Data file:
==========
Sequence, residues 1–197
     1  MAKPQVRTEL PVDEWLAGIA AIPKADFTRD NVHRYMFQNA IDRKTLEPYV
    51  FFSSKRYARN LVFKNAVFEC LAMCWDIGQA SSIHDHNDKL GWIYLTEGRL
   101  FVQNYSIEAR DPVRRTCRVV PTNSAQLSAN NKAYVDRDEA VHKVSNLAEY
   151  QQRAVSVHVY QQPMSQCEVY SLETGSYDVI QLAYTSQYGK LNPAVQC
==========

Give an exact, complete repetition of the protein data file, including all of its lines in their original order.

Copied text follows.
Sequence, residues 1–197
     1  MAKPQVRTEL PVDEWLAGIA AIPKADFTRD NVHRYMFQNA IDRKTLEPYV
    51  FFSSKRYARN LVFKNAVFEC LAMCWDIGQA SSIHDHNDKL GWIYLTEGRL
   101  FVQNYSIEAR DPVRRTCRVV PTNSAQLSAN NKAYVDRDEA VHKVSNLAEY
   151  QQRAVSVHVY QQPMSQCEVY SLETGSYDVI QLAYTSQYGK LNPAVQC